We introduce a machine learning approach to determine the transition rates of silicon atoms on a single layer of carbon atoms, when stimulat… (see more)ed by the electron beam of a scanning transmission electron microscope (STEM). Our method is data-centric, leveraging data collected on a STEM. The data samples are processed and filtered to produce symbolic representations, which we use to train a neural network to predict transition rates. These rates are then applied to guide a single silicon atom throughout the lattice to pre-determined target destinations. We present empirical analyses that demonstrate the efficacy and generality of our approach.
Policy Optimization in a Noisy Neighborhood: On Return Landscapes in Continuous Control
Nathan Rahn
Pierluca D'Oro
Harley Wiltzer
Deep reinforcement learning agents for continuous control are known to exhibit significant instability in their performance over time. In th… (see more)is work, we provide a fresh perspective on these behaviors by studying the return landscape: the mapping between a policy and a return. We find that popular algorithms traverse noisy neighborhoods of this landscape, in which a single update to the policy parameters leads to a wide range of returns. By taking a distributional view of these returns, we map the landscape, characterizing failure-prone regions of policy space and revealing a hidden dimension of policy quality. We show that the landscape exhibits surprising structure by finding simple paths in parameter space which improve the stability of a policy. To conclude, we develop a distribution-aware procedure which finds such paths, navigating away from noisy neighborhoods in order to improve the robustness of a policy. Taken together, our results provide new insight into the optimization, evaluation, and design of agents.
Small batch deep reinforcement learning
Johan Samir Obando Ceron
In value-based deep reinforcement learning with replay memories, the batch size parameter specifies how many transitions to sample for each … (see more)gradient update. Although critical to the learning process, this value is typically not adjusted when proposing new algorithms. In this work we present a broad empirical study that suggests {\em reducing} the batch size can result in a number of significant performance gains; this is surprising, as the general tendency when training neural networks is towards larger batch sizes for improved performance. We complement our experimental findings with a set of empirical analyses towards better understanding this phenomenon.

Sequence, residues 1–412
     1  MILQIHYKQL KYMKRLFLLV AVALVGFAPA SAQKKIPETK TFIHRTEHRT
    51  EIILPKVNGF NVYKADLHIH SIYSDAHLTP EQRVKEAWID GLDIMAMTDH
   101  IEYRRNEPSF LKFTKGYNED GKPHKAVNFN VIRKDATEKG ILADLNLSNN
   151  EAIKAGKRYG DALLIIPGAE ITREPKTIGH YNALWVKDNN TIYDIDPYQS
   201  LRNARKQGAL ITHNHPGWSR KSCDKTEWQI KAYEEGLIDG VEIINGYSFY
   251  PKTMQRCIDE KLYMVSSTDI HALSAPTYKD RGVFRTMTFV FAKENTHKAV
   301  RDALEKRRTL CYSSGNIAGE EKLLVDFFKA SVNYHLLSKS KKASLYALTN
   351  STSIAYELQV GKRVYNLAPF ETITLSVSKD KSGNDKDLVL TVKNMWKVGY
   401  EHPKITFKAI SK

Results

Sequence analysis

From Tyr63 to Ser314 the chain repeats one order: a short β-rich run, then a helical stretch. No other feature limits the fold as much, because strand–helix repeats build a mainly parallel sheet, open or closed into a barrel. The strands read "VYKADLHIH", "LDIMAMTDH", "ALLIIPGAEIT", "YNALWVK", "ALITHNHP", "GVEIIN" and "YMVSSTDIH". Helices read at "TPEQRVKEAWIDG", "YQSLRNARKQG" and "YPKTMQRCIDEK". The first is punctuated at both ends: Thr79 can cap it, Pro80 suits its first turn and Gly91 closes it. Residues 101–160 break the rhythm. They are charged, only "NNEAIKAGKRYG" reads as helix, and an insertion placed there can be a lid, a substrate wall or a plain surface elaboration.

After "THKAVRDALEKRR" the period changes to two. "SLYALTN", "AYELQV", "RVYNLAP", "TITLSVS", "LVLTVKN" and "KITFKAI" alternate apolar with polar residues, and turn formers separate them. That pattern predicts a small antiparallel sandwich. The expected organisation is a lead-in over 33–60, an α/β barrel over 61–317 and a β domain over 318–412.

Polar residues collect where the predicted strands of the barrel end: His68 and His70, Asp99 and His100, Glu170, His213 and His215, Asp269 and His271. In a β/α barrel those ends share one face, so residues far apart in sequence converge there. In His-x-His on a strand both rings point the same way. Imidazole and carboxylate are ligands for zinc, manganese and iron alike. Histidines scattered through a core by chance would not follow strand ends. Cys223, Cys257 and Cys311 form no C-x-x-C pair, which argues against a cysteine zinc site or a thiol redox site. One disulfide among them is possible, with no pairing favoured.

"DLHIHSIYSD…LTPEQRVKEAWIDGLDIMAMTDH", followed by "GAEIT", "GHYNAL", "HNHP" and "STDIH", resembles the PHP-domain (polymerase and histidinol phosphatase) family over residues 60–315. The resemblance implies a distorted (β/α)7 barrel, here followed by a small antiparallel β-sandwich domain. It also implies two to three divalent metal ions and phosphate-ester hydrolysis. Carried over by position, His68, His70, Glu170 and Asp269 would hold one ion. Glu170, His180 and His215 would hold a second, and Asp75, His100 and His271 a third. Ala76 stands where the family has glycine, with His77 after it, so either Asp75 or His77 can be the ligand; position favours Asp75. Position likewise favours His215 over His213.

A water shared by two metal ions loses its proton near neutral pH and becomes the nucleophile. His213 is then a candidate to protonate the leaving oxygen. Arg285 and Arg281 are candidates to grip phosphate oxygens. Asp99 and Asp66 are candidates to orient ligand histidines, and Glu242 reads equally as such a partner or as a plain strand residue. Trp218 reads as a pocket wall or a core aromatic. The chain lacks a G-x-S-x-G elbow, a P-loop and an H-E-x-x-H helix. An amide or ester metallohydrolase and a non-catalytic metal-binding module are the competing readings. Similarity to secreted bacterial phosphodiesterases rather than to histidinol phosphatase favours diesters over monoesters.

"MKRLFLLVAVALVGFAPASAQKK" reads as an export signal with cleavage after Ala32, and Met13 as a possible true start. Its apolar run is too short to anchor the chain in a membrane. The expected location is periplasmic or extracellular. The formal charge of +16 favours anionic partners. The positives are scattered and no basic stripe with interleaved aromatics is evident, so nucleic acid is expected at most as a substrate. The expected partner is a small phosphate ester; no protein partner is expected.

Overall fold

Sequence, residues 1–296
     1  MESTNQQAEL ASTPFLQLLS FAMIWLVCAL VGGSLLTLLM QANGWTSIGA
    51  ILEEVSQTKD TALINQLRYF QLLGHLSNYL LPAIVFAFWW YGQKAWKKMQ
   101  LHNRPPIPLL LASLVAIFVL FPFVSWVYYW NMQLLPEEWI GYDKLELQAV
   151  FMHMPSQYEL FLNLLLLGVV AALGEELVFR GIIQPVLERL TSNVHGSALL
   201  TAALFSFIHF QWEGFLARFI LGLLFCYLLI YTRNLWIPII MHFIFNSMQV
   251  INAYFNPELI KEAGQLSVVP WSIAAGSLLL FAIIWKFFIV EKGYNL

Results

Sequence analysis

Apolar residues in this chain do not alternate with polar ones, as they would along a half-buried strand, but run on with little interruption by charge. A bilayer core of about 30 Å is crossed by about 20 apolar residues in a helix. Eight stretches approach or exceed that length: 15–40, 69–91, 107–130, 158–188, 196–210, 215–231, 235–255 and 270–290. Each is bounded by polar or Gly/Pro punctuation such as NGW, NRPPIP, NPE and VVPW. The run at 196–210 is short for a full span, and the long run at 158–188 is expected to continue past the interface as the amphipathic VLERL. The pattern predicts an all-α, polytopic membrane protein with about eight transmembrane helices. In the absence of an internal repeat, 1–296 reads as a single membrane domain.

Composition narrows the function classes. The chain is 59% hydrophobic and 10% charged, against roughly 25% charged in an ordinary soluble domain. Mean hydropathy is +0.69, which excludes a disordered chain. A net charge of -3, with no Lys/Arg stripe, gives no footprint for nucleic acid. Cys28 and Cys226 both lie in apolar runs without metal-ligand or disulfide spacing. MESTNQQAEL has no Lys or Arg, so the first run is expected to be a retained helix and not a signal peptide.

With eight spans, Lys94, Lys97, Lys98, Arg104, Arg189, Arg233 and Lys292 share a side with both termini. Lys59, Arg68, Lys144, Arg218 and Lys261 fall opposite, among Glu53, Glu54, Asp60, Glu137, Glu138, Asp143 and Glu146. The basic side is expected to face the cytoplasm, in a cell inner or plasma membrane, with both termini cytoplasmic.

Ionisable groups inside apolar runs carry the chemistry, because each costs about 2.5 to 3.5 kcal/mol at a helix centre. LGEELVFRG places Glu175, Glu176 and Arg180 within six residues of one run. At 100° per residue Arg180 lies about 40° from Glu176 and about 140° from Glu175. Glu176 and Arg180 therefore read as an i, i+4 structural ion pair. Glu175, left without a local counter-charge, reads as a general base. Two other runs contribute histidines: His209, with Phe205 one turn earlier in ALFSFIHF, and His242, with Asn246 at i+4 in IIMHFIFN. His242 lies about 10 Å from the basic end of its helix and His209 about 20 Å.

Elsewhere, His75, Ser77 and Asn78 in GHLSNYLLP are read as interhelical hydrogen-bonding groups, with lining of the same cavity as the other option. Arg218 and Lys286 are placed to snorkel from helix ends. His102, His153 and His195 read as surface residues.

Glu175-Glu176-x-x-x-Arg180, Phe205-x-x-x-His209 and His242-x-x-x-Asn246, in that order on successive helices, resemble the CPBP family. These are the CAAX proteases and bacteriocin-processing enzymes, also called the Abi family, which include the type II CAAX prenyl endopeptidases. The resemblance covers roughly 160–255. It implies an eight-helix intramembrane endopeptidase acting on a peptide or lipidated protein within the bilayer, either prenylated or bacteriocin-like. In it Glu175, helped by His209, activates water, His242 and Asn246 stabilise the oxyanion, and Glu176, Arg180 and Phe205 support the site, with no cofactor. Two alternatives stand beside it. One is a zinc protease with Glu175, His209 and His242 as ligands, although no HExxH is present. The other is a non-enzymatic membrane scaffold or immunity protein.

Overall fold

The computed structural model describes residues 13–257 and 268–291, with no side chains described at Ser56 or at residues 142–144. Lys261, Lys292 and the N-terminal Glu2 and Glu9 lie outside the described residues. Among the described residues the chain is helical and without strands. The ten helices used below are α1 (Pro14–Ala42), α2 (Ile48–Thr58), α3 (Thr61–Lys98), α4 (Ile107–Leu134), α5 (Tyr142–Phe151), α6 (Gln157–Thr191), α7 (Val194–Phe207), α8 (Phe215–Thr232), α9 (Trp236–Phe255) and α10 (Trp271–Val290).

Discovering the Electron Beam Induced Transition Rates for Silicon Dopants in Graphene with Deep Neural Networks in the STEM
Kevin M Roccapriore
Max Schwarzer
Joshua Greaves
Jesse Farebrother
Rishabh Agarwal
Colton Bishop
Maxim Ziatdinov
Igor Mordatch
Ekin Dogus Cubuk
Sergei V Kalinin
Bigger, Better, Faster: Human-level Atari with human-level efficiency
Max Schwarzer
Johan Samir Obando Ceron
Rishabh Agarwal
We introduce a value-based RL agent, which we call BBF, that achieves super-human performance in the Atari 100K benchmark. BBF relies on sca… (see more)ling the neural networks used for value estimation, as well as a number of other design choices that enable this scaling in a sample-efficient manner. We conduct extensive analyses of these design choices and provide insights for future work. We end with a discussion about updating the goalposts for sample-efficient RL research on the ALE. We make our code and data publicly available at https://github.com/google-research/google-research/tree/master/bigger_better_faster.
Bootstrapped Representations in Reinforcement Learning
Charline Le Lan
Stephen Tu
Mark Rowland
Anna Harutyunyan
Rishabh Agarwal
Will Dabney
In reinforcement learning (RL), state representations are key to dealing with large or continuous state spaces. While one of the promises of… (see more) deep learning algorithms is to automatically construct features well-tuned for the task they try to solve, such a representation might not emerge from end-to-end training of deep RL agents. To mitigate this issue, auxiliary objectives are often incorporated into the learning process and help shape the learnt state representation. Bootstrapping methods are today's method of choice to make these additional predictions. Yet, it is unclear which features these algorithms capture and how they relate to those from other auxiliary-task-based approaches. In this paper, we address this gap and provide a theoretical characterization of the state representation learnt by temporal difference learning (Sutton, 1988). Surprisingly, we find that this representation differs from the features learned by Monte Carlo and residual gradient algorithms for most transition structures of the environment in the policy evaluation setting. We describe the efficacy of these representations for policy evaluation, and use our theoretical analysis to design new auxiliary learning rules. We complement our theoretical results with an empirical comparison of these learning rules for different cumulant functions on classic domains such as the four-room domain (Sutton et al, 1999) and Mountain Car (Moore, 1990).
A Novel Stochastic Gradient Descent Algorithm for LearningPrincipal Subspaces
Charline Le Lan
Joshua Greaves
Jesse Farebrother
Mark Rowland
Fabian Pedregosa
Rishabh Agarwal
In this paper, we derive an algorithm that learns a principal subspace from sample entries, can be applied when the approximate subspace i… (see more)s represented by a neural network, and hence can bescaled to datasets with an effectively infinite number of rows and columns. Our method consistsin defining a loss function whose minimizer is the desired principal subspace, and constructing agradient estimate of this loss whose bias can be controlled.
Investigating Multi-task Pretraining and Generalization in Reinforcement Learning
Adrien Ali Taiga
Rishabh Agarwal
Jesse Farebrother
Google Brain